Cult American writer DENNIS COOPER is used to stretching the bounds of good taste. But his new book Guide is about more than sado- masochistic sex and casual drug use, he says. Words: Toni Davidson
For all Dennis Cooper‘s charm. his quiet. self-effacing giggle and hazy. lazy Los Angeles drawl. the
writer has attracted extreme reactions. Earlier work like Wrong,
Closer and Try. populated by screwed up. ‘blank generation’ characters with their mutilated. scatological death-wish desires. has provoked vehement murder threats and hate mail. Cooper has been labelled homophobic by gay rights activists and even contemporary English ‘literary outlaws‘ such as Will Self have been unable to see past what Self describes as ‘obsessive dwellings‘. dismissing Cooper‘s writing as hardcore homosexual porn.
And yet Cooper‘s work has produced a kind of iconic worship in the States. where he is widely read and extravagantly praised. critics and readers alike falling over themselves to match and compare him to other ‘ghoulish geniuses‘ like Genet. Bataillc and Burroughs.
Cooper is philosophical about accusations that he simply grafts sadomasochistic sex and casual drug use onto his prose to shock his readers.
‘A lot of people are just going to see that and nothing else.‘ he says. ‘but I wanted Guide to explain and explore the complexities of the issues involved — why such things are there. how much they are real. how much they are not real. encouraging people to read in between the lines. And I guess people who Dennis Cooper have attacked me in the past just ignore me now. saying: “Oh God. Dennis Cooper‘.’ Another one of those horrible books." ‘
The fourth book in a loose cycle of five novels. Guide shows Cooper‘s evolution as a writer. The prose has matured into crisp. elegantly crafted minimalism. The stark nastiness of his short stories in Wrong is replaced by a brooding lyricism. while still incorporating his trademark fascinations with human perversity. teenage nihilism and indie music.
Guide depicts a drug addled urban landscape populated by disaffected ‘beat-me teens‘ mouthing street philosophy and ingesting whatever stimulants
98 THE lIST 6—19 Mar 1998
‘I guess people who have attacked me in the past just ignore me now, saying: “Oh God, Dennis Cooper? Another one of those horrible books.“
Dennis Cooper: gets up the nose of Britain's literary outlaws
they can get hold of. They all get a mention here. but LSD is the main narrative impetus — with (‘ooper structuring the book in such a way that it parallels and indeed recalls a previous ten hour acid trip.
‘I tried to construct a form in the writing that reflected the drug haze.‘ he says. ‘lt‘s disorientating at first but hopefully the reader will get into it and once you‘re there all the book‘s little tricks will work on you.‘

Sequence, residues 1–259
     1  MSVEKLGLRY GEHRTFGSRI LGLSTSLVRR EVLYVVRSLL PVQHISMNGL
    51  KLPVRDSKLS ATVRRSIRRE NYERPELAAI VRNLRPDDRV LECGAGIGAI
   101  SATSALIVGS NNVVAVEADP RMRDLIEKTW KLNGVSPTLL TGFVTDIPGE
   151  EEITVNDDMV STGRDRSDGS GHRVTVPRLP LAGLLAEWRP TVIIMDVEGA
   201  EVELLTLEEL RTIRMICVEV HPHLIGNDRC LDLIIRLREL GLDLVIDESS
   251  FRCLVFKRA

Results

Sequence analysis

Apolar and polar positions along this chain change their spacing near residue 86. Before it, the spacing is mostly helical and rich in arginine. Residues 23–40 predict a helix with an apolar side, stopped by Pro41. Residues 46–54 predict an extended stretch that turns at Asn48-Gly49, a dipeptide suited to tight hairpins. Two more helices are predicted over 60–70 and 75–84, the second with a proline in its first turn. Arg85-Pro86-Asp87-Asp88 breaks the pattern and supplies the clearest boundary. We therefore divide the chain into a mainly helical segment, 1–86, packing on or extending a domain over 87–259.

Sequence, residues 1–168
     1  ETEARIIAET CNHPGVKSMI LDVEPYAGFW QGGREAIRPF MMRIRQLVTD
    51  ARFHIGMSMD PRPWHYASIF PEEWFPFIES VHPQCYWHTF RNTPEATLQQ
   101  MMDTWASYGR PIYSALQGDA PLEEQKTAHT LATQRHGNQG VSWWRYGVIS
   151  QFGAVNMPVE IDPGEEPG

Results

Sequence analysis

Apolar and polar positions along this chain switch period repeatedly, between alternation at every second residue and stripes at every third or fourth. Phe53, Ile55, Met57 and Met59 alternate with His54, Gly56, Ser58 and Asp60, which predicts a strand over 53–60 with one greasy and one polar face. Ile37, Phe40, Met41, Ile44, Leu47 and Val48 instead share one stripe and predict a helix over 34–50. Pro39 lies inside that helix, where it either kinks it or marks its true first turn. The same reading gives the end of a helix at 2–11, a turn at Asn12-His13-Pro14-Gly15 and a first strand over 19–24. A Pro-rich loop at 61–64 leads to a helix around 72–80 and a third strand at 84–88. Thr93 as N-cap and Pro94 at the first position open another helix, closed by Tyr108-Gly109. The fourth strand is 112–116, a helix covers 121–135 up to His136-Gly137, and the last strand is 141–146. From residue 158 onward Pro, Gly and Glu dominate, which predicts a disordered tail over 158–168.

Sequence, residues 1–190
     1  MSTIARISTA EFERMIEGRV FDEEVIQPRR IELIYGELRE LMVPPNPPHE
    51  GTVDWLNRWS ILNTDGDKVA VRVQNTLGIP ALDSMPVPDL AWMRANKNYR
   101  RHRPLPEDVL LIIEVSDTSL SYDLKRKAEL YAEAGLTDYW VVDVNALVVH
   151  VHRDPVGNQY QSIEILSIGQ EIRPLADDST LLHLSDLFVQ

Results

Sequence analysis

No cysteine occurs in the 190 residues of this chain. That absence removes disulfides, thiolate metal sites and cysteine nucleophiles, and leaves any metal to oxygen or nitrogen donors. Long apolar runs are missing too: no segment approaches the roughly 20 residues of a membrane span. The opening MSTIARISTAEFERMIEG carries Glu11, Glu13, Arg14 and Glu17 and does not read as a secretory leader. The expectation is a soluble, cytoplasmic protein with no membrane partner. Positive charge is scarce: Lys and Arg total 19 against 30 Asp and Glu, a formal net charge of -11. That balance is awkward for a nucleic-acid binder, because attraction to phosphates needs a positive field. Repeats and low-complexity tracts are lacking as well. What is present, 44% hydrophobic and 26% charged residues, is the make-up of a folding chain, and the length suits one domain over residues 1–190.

One of the many tricks (‘ooper plays on the reader is to involve thinly-disguised. real life personalities in his fiction. mutating fantasy with reality. Name checking bands like Guided By Voices and Pavement. he adds his voice to theirs alongside wild prose that has one character collaging photos of famous people‘s body parts — Leonardo Di (‘aprio‘s legs and James Duval‘s stomach — and has another drugging and raping one Alex Johns of an English band called Smear.
‘Yeahf confirms Cooper. ‘I heard Blur really liked the book and Alex was meant to interview me but he was just as nervous about meeting me as l was of him. In the end the record company stepped in to call a halt to it. But that's okay. next time the band come to LA I'll just walk up to him. tap him on the shoulder and say hello.‘
Guide by Dennis Cooper is published by Serpent's Tail at £8.99.
The write stuff
From her heady days at The List to her experiences in Argentina, prize- winning writer Miranda France has certainly travelled. Her first book is Bad Times In Buenos Aires.
NAME: Miranda France. AGE: 31.
PREVIOUS JOBS: I did the usual sort of waitressing with a bit of freelance journalism and then as I got more journalism [including Art Editor at The List] I did less waitressing and was finally able to give that up.
ROUTE TO BECOMING A WRITER: l’d gone to Argentina for a couple of years to work as a foreign correspondent. When I came back I saw an advertisement for the Shiva Naipaul Memorial Prize for people to write about a culture they find alienating, which fitted the bill in my case. I wrote an article called ‘Bad Times In Buenos Aries‘ and won the prize and was lucky enough to be commissioned to write a book on that basis. So, it was quite painless, really.
DAILY ROUTINE: I would usually try to do a ten till six day but I spend a lot of that time doing housework and making tea, wasting time basically. The only thing I would say in defence of that sloppy way of living is that it's sometimes while you're making the tea or lying on the sofa despairing that you actually have a good idea. But when I was writing the book, I probably wouldn‘t have done more than four or five hours a day of concentrated writing. I spent quite a lot of time in the library on research. INFLUENCES: I don't know if I could say that I particularly had an influence but the writers I like are Graham Greene, Evelyn Waugh, Muriel Spark and Gabriel Garcia Marquez.
AMBITIONS: To do what I enjoy and to be recognised for it, I suppose. FEARS: That the ideas will dry up, that you make a commitment to do something then are not able to do it. I worry about signing on the dotted line and then finding I can’t do it.
INCOME: It varies so much, it would be about £15,000 to £20,000. (Brian Donaldson)
I Bad Times In Buenos Aires by Miranda France is published by Weidenfe/d & Nico/son at f 78. 99.